CLICK HERE TO THE QUIZ

Below is my thought for the day from today’s breakfast show on radio Bristol.

If you are quick, you can listen again on line. Click on the link below, open the player and scoot along the time bar to around 1 hr 49 mins into the show: BBC BREAKFAST iPLAYER

Do you know, the last time I received a bonus I got £100 – and that despite the fact that I was doing a good job for my employer and that they were making excellent profits. Perhaps that’s why, like most people, I find it galling to read about the multi-million pound bonuses and golden Read the rest of this entry »

For those of you who missed it (most, if not all of you) here is my thought for the day from BBC Radio Bristol’s Programme. I’ll be doing this every Wednesday morning throughout February at around 7.40 am on 94.9 FM, or you can listen online live (or later as a podcast) via the BBC Bristol Website.

Do you know, when I come onto the breakfast show, I always get introduced as being a local writer. But like the rest of us, I’m more than what I do for a living. I’m also a stay-at-home dad. And mostly this is an absolute joy – but my thoughts for this day, as they have been for more than a week now, are with my daughter who is sick and running a fever. Far from being a much maligned absent father, or a selfish parent who is Read the rest of this entry »

Given the current context, the recent publication of the National Accounts of Wellbeing from the New Economics Foundation couldn’t be more timely and more fascinating (see HERE; HERE and HERE).  There is increasing political interest in such research and indices of human wellbeing and the role these should play in policy making. That’s one reason why I felt the need to flag up such things in my book, A Permanent Becoming, and hopefully play some small part in waking up the Christian Community to the central role it can play in such things.

Though I write specifically about happiness here, the relationship to issues of wellbeing are the same.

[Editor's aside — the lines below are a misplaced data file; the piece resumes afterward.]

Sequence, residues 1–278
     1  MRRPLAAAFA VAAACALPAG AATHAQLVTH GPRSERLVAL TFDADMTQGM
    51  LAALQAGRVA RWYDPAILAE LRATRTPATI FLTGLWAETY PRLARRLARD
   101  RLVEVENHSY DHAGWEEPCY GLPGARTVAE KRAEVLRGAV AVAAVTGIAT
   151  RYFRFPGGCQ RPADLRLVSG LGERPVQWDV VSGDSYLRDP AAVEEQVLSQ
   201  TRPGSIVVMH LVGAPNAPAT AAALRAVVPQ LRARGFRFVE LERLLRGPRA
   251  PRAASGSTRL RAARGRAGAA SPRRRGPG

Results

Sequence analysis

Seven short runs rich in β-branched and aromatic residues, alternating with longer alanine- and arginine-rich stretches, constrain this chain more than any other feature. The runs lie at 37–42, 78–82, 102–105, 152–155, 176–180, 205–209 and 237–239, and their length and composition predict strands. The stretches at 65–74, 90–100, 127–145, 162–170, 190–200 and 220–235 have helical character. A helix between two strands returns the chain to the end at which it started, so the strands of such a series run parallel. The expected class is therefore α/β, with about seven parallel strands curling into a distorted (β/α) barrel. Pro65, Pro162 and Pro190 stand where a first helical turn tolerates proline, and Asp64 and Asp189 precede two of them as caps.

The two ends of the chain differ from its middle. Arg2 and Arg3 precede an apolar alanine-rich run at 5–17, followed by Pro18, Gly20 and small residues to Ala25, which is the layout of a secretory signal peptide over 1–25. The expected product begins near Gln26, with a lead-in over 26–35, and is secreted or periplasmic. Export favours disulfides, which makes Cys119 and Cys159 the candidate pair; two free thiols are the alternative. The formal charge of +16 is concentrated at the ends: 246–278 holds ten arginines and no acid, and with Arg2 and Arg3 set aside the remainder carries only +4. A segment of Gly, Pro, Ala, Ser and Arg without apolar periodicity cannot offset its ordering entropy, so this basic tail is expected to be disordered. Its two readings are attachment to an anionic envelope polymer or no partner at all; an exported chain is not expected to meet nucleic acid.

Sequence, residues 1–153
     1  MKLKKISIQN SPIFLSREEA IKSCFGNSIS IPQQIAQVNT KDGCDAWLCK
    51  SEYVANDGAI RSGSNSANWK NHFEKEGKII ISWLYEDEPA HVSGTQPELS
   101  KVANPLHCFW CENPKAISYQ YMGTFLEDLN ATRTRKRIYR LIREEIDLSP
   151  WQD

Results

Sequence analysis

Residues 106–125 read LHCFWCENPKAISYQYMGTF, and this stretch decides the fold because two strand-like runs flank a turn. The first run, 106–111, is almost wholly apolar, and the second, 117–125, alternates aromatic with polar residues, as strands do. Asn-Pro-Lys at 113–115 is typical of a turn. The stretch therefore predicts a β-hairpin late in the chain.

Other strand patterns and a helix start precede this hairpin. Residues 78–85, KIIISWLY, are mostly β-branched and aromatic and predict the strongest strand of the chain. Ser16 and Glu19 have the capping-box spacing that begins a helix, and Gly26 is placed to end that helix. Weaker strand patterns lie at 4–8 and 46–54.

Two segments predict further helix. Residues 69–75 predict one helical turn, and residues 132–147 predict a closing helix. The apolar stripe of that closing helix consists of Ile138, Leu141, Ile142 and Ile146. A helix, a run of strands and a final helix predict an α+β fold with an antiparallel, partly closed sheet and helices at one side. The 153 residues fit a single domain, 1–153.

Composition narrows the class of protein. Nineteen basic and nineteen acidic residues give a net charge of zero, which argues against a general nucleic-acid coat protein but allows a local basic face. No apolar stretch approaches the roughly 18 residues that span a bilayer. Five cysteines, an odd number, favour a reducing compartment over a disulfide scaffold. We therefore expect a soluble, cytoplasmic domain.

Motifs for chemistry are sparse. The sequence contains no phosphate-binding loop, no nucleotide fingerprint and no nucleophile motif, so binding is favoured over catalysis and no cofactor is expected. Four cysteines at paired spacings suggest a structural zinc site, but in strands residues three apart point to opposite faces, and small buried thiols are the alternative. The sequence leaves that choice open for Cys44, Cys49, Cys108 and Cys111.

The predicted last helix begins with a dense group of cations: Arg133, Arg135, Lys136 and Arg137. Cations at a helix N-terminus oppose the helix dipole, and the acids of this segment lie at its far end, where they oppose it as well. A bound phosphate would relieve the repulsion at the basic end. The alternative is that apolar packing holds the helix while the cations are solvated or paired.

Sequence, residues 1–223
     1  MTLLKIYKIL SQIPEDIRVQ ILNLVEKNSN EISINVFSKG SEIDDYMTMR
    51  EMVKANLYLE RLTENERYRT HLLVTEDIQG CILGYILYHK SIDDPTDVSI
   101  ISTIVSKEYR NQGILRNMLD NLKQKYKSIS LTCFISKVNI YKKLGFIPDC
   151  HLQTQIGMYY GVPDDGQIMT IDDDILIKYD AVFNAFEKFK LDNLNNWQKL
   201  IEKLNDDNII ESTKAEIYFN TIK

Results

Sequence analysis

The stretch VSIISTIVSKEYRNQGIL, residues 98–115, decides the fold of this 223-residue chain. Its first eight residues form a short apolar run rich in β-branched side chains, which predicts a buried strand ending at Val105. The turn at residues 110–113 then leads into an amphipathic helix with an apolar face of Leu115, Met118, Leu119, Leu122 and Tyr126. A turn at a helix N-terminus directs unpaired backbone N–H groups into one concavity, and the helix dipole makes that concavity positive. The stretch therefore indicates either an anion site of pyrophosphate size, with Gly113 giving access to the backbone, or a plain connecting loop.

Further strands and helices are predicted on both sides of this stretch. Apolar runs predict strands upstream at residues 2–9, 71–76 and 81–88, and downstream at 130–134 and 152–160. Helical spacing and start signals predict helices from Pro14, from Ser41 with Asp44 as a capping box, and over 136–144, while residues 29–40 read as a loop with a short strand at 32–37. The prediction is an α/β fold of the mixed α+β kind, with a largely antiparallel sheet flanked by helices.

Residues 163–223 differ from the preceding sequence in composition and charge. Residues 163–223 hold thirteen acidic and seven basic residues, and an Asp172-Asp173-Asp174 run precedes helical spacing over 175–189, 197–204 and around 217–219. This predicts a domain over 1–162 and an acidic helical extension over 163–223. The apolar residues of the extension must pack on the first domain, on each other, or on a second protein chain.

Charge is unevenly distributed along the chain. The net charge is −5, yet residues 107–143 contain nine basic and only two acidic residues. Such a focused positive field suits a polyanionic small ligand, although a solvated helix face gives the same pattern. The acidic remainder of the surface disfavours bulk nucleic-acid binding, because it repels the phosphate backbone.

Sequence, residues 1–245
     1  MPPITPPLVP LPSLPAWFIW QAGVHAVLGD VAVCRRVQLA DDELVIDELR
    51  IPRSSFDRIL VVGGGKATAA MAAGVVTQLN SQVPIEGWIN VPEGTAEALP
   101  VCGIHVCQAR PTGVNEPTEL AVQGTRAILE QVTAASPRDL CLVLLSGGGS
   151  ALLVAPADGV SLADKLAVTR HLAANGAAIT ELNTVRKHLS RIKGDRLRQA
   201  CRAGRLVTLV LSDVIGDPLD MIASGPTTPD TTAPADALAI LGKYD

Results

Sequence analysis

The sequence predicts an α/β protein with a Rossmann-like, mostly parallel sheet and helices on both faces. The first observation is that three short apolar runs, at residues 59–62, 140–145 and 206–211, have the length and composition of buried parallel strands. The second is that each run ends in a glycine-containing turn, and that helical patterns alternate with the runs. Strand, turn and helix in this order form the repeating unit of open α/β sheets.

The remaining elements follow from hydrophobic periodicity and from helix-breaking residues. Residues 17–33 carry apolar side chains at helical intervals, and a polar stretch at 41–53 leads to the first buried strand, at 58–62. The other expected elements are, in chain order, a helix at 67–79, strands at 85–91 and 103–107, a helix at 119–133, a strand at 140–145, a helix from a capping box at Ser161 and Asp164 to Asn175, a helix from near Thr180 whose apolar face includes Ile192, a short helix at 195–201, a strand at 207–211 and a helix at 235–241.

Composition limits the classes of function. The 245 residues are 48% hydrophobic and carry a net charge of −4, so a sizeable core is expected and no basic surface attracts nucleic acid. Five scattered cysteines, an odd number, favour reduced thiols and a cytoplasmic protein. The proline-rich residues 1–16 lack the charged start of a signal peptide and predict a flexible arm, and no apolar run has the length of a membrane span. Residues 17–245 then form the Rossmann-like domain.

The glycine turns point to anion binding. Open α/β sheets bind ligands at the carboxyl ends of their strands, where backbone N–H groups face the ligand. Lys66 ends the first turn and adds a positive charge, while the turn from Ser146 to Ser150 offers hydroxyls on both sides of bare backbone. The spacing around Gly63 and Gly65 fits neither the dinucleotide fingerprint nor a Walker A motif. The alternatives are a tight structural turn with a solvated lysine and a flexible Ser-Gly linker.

Wake Up Call
The search for happiness has a long history.

One ancient Greek Philosopher said something like, ‘No one ever pursues happiness as a means to something else.’ By which, he meant that while you might go after money, or fame, or sex because you think they will bring you happiness, you don’t go after happiness to get . . . well you don’t.

The point is this: the pursuit of happiness is core to who we are. It’s one of the things that all human beings do. Happiness is a uniquely desirable Read the rest of this entry »

Unlike the BBC, bloggers don’t have to make editorial decisions based on impartiality. Personally, I think the BBC’s decision demonstrates partiality, after all, many of the other appeals broadcast by the BBC on behalf the Disasters Emergency Committee cut across political, religious and cultural divide, so why make an exception here? It also find it patronizing, suggesting that the audience cannot distinguish between impartial reporting and the need to address human suffering which transcends the issues that concern the editors of the BBC. When the DEC make an appeal you know that there is genuine and pressing need, so please support the DEC and pray that the BBC come to their senses.

DONATE HERE